- Sit in the center of the left Hula-Hoop (or on the flat rock on the left) and look toward the distant object. Which number on the yardstick does the distant object appear to line up with? If you are using a scratch piece of paper, write this number down in the "Left" column.
- Sit in the center of the right Hula-Hoop (or on the flat rock on the right) and look toward the distant object. Which number on the yardstick does the distant object now appear to line up with? If you are using a scratch piece of paper, write this number down in the "Right" column.
- Now move the table (with the rock and yardstick on it) forward another three to five steps (so that it is closer to the distant object).
- Sit in each Hula-Hoop again and see which number on the yardstick the distant object appears to line up with now. If you are using a scratch piece of paper, write down your results. Do you see a difference in where the distant object appears to line up on the yardstick compared with when the table was closer to you?
- Repeat this process at least three more times (each time moving the table a little closer to the distant object and then looking at how the distant object lines up on the yardstick from your Hula-Hoop vantage points). How does where the distant object lines up on the yardstick appear to change as the near object (the table with the yardstick) is moved closer and closer to the distant object?
- If you used a scratch piece of paper to record your results, you can subtract the number in one column from the other and write your result down in the "Difference" column for each distance you tested. Do you see a relationship between the distance (between the observation points and the near object) and the difference in the measurements you took from the left and right perspectives?
- What do you think your results tell you about how astronomers use parallax to measure how far away a relatively nearby star is?
- Extra: In this activity you moved the near object (the table with the rock, yardstick and rubber band) different distances away from the observation points (the Hula-Hoops). Another factor for measuring parallax is the distance between two observation points. Can you think of a similar activity you could do to test this variable? How does the distance between observation points affect parallax?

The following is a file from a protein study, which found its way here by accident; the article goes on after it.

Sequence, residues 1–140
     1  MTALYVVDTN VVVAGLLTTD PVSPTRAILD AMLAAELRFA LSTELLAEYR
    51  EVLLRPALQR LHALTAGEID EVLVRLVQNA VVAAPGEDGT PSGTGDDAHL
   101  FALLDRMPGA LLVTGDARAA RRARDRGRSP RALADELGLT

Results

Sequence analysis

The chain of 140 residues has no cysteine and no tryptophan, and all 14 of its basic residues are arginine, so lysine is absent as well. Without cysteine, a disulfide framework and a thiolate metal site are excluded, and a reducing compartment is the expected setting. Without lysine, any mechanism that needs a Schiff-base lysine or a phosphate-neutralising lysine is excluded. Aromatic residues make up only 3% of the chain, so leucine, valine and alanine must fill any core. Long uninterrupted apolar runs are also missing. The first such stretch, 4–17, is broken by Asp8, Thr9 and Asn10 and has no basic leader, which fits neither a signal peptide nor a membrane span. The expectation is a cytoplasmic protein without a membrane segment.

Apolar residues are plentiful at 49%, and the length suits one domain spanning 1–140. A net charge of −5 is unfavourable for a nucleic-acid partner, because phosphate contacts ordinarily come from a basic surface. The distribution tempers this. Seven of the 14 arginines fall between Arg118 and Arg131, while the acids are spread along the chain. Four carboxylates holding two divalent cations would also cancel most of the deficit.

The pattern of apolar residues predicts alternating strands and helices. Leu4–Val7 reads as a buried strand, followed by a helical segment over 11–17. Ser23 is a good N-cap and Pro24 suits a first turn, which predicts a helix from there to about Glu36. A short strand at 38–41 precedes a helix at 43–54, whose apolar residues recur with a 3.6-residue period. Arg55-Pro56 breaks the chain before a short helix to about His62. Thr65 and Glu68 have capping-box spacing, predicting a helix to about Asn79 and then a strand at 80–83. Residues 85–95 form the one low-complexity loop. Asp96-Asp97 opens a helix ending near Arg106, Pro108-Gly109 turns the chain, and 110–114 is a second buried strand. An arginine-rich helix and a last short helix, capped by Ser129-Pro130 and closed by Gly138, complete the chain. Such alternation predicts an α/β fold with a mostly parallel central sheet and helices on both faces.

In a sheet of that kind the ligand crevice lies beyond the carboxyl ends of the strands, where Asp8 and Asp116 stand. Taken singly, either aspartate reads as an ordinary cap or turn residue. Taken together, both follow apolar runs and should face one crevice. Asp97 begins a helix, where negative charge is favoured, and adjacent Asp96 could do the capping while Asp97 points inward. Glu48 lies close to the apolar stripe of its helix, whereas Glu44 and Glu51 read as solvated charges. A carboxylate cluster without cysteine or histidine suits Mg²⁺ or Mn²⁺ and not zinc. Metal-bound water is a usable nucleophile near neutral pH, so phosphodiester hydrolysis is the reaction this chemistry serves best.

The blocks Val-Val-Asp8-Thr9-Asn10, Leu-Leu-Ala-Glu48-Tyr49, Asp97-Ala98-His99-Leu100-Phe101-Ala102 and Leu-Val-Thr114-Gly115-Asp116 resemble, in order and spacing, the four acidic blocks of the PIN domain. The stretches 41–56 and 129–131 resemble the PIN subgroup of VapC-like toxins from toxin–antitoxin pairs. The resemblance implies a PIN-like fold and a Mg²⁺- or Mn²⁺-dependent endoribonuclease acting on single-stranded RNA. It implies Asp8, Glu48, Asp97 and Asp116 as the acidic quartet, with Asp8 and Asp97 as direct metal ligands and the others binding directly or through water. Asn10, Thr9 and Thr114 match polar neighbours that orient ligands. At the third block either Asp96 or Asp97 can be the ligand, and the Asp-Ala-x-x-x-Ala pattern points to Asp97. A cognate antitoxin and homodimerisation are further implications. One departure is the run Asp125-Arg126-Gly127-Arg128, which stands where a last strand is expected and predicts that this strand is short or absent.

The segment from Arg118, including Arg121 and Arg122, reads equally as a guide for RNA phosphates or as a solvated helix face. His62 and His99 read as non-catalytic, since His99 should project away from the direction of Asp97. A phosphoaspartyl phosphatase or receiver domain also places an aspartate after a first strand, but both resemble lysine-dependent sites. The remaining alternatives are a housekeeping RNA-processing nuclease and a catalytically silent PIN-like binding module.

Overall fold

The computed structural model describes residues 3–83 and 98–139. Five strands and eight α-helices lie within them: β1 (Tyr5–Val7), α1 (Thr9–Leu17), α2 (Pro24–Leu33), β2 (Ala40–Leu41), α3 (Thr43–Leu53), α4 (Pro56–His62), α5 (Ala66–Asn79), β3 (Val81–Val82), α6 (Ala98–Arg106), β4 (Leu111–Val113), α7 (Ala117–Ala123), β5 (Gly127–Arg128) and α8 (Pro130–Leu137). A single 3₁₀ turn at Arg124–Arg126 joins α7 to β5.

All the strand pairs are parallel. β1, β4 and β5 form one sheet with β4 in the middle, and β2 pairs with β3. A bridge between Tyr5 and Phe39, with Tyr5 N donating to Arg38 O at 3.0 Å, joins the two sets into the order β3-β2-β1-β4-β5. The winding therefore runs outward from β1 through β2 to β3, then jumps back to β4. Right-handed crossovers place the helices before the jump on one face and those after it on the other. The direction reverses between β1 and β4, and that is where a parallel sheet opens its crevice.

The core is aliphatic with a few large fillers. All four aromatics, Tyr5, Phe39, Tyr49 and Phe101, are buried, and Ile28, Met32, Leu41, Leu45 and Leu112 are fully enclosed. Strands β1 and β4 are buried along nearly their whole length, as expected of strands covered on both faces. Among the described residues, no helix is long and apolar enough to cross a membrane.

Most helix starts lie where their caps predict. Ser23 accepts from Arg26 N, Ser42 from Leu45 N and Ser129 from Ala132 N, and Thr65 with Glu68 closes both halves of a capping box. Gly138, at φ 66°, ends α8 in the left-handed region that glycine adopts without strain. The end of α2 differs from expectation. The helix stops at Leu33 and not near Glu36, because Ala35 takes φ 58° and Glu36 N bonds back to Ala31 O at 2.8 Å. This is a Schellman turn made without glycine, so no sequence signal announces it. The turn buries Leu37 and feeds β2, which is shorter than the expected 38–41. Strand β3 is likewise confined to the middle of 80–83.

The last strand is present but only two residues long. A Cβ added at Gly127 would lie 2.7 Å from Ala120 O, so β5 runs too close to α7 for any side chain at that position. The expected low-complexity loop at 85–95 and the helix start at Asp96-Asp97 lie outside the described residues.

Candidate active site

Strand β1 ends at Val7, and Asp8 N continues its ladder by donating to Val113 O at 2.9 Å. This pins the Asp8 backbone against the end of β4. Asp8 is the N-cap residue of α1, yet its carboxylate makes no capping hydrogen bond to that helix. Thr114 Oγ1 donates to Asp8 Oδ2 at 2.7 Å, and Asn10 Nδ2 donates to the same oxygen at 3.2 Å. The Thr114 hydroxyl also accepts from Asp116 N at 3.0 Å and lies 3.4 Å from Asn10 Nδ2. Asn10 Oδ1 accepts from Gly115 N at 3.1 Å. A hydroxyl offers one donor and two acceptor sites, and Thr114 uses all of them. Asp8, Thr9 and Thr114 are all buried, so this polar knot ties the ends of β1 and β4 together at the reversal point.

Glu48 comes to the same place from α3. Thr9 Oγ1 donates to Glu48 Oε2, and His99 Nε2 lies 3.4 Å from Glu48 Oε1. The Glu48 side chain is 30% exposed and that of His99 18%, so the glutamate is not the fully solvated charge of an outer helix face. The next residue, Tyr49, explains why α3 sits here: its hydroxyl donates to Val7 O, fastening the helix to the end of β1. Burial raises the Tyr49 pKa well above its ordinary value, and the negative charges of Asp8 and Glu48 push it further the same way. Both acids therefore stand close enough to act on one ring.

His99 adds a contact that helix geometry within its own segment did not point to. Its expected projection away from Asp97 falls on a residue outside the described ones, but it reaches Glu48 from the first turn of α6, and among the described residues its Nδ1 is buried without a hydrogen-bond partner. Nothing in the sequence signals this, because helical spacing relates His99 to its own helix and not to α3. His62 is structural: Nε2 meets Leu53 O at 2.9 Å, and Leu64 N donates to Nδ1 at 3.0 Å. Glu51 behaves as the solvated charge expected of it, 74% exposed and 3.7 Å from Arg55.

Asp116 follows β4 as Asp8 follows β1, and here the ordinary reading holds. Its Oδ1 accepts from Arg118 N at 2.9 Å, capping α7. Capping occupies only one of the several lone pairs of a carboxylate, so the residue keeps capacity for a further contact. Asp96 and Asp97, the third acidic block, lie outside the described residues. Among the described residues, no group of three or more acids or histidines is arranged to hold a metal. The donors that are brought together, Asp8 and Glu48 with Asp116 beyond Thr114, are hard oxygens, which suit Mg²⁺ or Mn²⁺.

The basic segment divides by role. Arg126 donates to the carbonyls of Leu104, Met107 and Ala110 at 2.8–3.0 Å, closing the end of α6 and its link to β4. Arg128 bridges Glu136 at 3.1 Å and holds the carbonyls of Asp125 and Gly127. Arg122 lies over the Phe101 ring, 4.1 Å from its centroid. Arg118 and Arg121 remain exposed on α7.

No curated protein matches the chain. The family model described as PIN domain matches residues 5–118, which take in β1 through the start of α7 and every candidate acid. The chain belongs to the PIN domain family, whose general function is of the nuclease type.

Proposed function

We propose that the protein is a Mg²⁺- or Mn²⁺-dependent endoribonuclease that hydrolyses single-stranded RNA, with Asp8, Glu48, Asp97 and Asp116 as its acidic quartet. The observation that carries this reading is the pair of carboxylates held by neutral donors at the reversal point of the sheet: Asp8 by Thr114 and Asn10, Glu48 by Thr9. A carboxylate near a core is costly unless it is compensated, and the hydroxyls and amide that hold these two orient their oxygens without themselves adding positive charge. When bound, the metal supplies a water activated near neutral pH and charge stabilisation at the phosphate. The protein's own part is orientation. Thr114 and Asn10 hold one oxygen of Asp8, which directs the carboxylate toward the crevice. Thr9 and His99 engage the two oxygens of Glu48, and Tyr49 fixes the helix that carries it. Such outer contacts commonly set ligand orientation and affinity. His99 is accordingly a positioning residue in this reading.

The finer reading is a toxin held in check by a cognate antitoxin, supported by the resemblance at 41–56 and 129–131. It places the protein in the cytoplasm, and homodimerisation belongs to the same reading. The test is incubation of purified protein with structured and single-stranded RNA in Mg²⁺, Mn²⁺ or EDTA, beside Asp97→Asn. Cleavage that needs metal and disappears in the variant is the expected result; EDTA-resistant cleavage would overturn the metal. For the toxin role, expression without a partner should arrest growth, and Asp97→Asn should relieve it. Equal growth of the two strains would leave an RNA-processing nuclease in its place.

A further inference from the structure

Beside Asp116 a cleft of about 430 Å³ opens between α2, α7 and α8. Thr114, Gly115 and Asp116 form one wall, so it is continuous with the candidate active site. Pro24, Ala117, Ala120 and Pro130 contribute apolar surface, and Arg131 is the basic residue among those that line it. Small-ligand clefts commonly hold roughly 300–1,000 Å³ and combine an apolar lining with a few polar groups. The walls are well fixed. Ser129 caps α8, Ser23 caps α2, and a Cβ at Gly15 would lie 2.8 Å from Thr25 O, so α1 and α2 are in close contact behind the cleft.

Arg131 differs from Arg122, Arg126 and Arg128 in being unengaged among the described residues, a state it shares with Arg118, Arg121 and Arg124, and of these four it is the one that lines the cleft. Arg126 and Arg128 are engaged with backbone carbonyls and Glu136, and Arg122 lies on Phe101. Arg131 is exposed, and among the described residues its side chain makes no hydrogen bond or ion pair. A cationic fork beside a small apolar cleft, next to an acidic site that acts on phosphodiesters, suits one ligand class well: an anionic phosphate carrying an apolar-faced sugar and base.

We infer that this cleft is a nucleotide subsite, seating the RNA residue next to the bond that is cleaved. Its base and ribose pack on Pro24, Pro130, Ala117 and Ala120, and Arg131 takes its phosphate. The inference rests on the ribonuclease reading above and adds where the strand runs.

- Extra: If you watch your favorite constellation over several nights, you will notice that the stars move together as a group. Compare the movement of the constellation to nearer objects, like the moon or a planet. Which objects move more quickly? Can you pick out the difference between planets and stars using this method?
- Extra: Parallax is similar to the process our brains use when calculating depth perception. Intuitively, you know which objects are near and which are far. You could try testing depth perception by comparing binocular vision and monocular vision. How does each affect depth perception?
Observations and results
As the near object moved farther from the observation points, did the apparent movement of the object decrease (as measured from the left and right observation points)?
When a relatively distant object is viewed from two different points, it appears to move less compared with a relatively nearby object. Similarly, in this activity you should have seen that as the "near object" (the table with the rock, yardstick and rubber band on it) got closer to the "distant object" (the tree, light pole, etcetera), it appeared to move less (when you compared its apparent position between the left and right "observation points" inside the Hula-Hoops). It might have been hard to tell the difference for the first two measurements, but the relationship should have become clearer after that point.
Because the apparent movement of an object (the parallax) depends on how far the object is from the observation points, astronomers can figure out how far away relatively nearby stars are. This is done by looking at a nearby star's apparent movement relative to distant stars when they are all viewed from different observation points (that is, from different points in Earth's orbit around the sun).
More to explore
A Puzzling Parallax, from Science Buddies
Parallax, from KidsAstronomy.com
Parallax—Greek Astronomy for Kids, from History for Kids
Parallax, from StarChild
This activity brought to you in partnership with Science Buddies